School News

Yesterday's Events on Gould Plaza

Dear Members of the Stern Community:

You are all likely aware of the events on Gould Plaza yesterday and have received President Linda Mills' letter (below) describing NYU's response to the event. The gathering created severe disruption to activities at Stern and caused some community members to feel unsafe; this was, in the end, the only way to find resolution.

I would like to reiterate the message in President Mills' email that intimidation or obstruction of our research or teaching mission in any way are utterly unacceptable at Stern or NYU. The right to protest is a cherished one, but its exercise cannot run counter to providing a safe learning environment for all students and members of the community.


Raghu Sundaram

Raghu Sundaram
Richard R. West Dean
Edward I. Altman Professor of Credit & Debt Markets
NYU Stern School of Business
Incoming Senior Vice-Chancellor and Head of Global Strategy 
New York University 


Date: April 22, 2024
To: The NYU Community
From: Linda G. Mills, President, and Fountain Walker, Vice President for Global Campus Safety

Early this morning, some 50 protesters began a demonstration on the plaza in front of the business school, known as Gould Plaza. This occurred without notice to the University, and without authorization. In response, the University immediately closed access to the plaza to maintain safety; we put barriers in place, and made clear that we were not going to allow additional protesters to join because the protests were already considerably disruptive of classes and other operations in schools around the plaza.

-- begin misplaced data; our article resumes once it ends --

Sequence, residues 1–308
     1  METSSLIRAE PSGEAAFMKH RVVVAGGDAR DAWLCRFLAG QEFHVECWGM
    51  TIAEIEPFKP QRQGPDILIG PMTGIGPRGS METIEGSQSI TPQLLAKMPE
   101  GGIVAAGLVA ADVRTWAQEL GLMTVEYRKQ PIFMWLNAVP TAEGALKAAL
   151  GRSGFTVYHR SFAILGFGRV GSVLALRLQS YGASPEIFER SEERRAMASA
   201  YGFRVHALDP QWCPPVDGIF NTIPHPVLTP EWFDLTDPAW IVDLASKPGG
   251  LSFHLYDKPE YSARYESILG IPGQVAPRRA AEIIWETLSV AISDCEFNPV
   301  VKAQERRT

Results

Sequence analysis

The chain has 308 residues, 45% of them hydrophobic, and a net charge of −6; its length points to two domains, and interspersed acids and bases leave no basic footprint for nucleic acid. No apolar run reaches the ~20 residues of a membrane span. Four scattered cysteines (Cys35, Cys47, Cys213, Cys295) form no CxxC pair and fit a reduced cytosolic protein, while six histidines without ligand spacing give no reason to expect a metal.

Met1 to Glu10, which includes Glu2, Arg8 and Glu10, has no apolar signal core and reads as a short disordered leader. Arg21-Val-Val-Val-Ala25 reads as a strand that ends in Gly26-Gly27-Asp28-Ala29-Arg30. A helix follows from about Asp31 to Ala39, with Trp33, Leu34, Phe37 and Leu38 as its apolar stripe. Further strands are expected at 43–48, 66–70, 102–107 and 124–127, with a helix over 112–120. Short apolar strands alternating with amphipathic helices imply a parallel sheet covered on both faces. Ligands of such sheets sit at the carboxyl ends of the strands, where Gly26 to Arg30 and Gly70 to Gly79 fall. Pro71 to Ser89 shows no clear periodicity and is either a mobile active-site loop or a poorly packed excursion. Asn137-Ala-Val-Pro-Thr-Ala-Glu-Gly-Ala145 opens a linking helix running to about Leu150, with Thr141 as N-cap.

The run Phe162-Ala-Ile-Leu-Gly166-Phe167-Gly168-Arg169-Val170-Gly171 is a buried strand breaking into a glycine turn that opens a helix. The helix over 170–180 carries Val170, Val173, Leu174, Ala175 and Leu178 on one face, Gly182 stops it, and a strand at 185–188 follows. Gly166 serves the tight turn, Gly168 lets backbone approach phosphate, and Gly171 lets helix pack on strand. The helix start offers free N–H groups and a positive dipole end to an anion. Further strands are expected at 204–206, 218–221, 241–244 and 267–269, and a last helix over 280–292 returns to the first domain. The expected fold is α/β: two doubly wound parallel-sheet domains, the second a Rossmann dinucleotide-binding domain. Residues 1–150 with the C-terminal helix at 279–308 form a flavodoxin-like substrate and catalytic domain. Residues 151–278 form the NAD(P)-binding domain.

Nonetheless, we made no move to clear the plaza at that point because high among the University's aims was to avoid any escalation or violence. So, the University was deeply disturbed when, early this afternoon, additional protesters — many of whom we believe are not affiliated with the University — suddenly breached the barriers that had been put in place at the north side of the plaza and joined the others already on the plaza. The breach was in violation of directions from Campus Safety Officers and in violation of multiple University rules.

This development dramatically changed the situation. We witnessed disorderly, disruptive, and antagonizing behavior that interfered with the safety and security of our community, and that illustrated how quickly a demonstration can get out of control, raising the possibility of people getting hurt. At one point, we explained to the protesters that they needed to disband in an hour, and there would be no adverse consequences.

Nevertheless, many refused to leave. We also learned that there were intimidating chants and several antisemitic incidents reported. Given the foregoing and the safety issues raised by the breach, we asked for assistance from the NYPD. The police urged those on the plaza to leave peacefully, but ultimately made a number of arrests.

While academic freedom and the free exchange of ideas are and always will be bedrock principles on NYU’s campus, hate, disruption and intimidation can never be countenanced.